The JBL region was logged in the late 1800s and again in the second decade of the 1900s (by Orlando Beede of Keene Valley). His logging camp was up on a hill at what is now a tenting area right where the north-side trail takes a sharp left and heads steeply down towards the Ranger's cabin. A few minutes before this tenting area the old logging road leaves the north-side trail and traverses down to the field of the Ranger's cabin which served as the header where logs were piled up and eventually loaded onto sleds for the long haul out (the river was never used). Older hikers will remember this logging road descent to the Ranger's cabin as the north-side hiking trail many years ago.
A locally famous character/hermit lived in this area for over 30 years - Mel Hathaway. His original dwelling site can still be seen hiking into JBL. Just before crossing a grassy, sloping area in the trail about 10 minutes before the tenting site/Beede logging camp (perhaps 2.75miles from the Garden), look to your left and you may notice an old cellar hole. Look to the right of the trail and stonework will become apparent. This was Mel's first dwelling and what I think may have been part of the first logging camp built back in the valley (I'm planning to check this area out this Spring). Mel later moved from this site to his more famous home - which was the abandoned J & J Rogers office building and is now the site upon which the Johns Brook Lodge currently sits. The apple tree and rhubarb plant that still grow there and passed today by many hikers, were planted by Mel...Mel was forced to leave his home in the mid 1920s and eventually lived with his daughter in an urban area. The story goes he was constantly getting lost in his new surroundings (never having been in a city before) but soon figured out that he could find his way back home by carrying his axe wherever he went and blazing the telephone poles...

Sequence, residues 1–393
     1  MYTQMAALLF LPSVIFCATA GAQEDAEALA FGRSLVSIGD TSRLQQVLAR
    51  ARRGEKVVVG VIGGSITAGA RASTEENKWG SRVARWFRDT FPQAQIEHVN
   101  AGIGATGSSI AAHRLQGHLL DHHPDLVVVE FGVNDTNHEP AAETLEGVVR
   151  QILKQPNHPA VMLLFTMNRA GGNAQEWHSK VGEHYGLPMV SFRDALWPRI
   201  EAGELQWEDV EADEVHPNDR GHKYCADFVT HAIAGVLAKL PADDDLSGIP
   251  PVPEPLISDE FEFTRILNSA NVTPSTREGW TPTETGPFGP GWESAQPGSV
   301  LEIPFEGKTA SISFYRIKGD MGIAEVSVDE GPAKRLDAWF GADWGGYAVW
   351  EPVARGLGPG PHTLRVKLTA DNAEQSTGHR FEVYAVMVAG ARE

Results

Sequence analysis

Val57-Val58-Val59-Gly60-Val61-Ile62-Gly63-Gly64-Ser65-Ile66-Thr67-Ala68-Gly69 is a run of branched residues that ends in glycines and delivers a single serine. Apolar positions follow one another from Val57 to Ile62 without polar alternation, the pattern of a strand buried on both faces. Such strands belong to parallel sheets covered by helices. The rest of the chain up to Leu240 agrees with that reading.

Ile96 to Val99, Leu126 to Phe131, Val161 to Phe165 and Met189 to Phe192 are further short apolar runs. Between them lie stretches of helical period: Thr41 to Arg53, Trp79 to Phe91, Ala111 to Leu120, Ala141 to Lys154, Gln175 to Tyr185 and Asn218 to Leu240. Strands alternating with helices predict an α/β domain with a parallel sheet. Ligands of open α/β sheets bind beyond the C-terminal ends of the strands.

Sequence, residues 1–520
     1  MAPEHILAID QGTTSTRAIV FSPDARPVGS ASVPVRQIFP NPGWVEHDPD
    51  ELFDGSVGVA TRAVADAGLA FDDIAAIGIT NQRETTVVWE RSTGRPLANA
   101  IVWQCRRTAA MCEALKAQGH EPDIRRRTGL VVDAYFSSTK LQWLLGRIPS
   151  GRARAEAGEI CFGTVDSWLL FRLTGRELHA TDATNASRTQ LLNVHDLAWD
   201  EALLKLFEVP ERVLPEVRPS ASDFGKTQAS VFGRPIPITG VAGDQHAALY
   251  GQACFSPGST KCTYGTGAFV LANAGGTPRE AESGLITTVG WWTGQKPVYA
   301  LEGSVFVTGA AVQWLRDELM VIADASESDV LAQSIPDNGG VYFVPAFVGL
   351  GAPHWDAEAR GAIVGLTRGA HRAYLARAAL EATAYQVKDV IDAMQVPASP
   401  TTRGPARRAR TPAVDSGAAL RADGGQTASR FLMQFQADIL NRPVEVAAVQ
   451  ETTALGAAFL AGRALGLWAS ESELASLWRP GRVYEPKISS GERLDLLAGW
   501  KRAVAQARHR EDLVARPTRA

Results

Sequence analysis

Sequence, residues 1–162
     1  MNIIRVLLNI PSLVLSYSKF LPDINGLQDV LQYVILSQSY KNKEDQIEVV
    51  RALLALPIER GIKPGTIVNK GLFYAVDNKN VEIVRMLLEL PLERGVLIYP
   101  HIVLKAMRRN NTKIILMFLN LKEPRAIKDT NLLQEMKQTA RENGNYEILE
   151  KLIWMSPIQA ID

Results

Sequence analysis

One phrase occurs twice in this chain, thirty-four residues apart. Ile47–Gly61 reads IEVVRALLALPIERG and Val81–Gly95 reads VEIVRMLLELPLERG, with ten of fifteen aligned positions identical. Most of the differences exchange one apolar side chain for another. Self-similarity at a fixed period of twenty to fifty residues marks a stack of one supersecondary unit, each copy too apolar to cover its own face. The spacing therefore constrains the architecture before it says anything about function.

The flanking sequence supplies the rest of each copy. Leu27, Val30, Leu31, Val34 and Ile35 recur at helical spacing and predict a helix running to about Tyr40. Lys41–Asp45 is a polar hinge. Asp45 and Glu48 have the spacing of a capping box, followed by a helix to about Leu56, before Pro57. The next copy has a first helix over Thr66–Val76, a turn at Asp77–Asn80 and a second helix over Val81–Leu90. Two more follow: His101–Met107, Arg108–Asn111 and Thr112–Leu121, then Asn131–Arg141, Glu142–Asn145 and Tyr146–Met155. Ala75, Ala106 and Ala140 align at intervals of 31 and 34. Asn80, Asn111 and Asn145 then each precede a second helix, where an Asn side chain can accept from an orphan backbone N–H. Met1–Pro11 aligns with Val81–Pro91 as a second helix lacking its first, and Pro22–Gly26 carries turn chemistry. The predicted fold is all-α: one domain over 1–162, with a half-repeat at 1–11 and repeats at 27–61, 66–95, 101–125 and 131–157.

The first logging operation built the road on the south side of Johns Brook and crossed at the first flume, which is currently on a small inholding of private land, perhaps 1.5 miles up the current South-Side Trail. When the second logging operation took place, the road was extended on the south side of the brook and crossed where the current bridge crosses at the Ranger's cabin. The logging operations carried on for perhaps 1 mile above JBL where an incline up an esker is reached on the trail towards Marcy. The logging ended here as this spot marked the boundary of land owned by the Ausable Club at that time...
Thanks for an interesting story!
Jim
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Old 12-04-2016, 01:47 PM   #7
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Yes, the land for JBL was donated by J&J Rodgers at the request of William G Howard -as in the lean-to and mountain. Howard wanted the public to be able to use all of the J&J Rodgers land and the AMR land that the State purchased at the same time. He realized that a lodge would facilitate such use, but of course knew that no lodge could be built on state land - hence the request for the donation to a private organization.

Ivan Brown, son of Homer Brown, teamed up with Alan Washbond to take a gold medal in the 1936 Olympics held at Garmisch, Germany.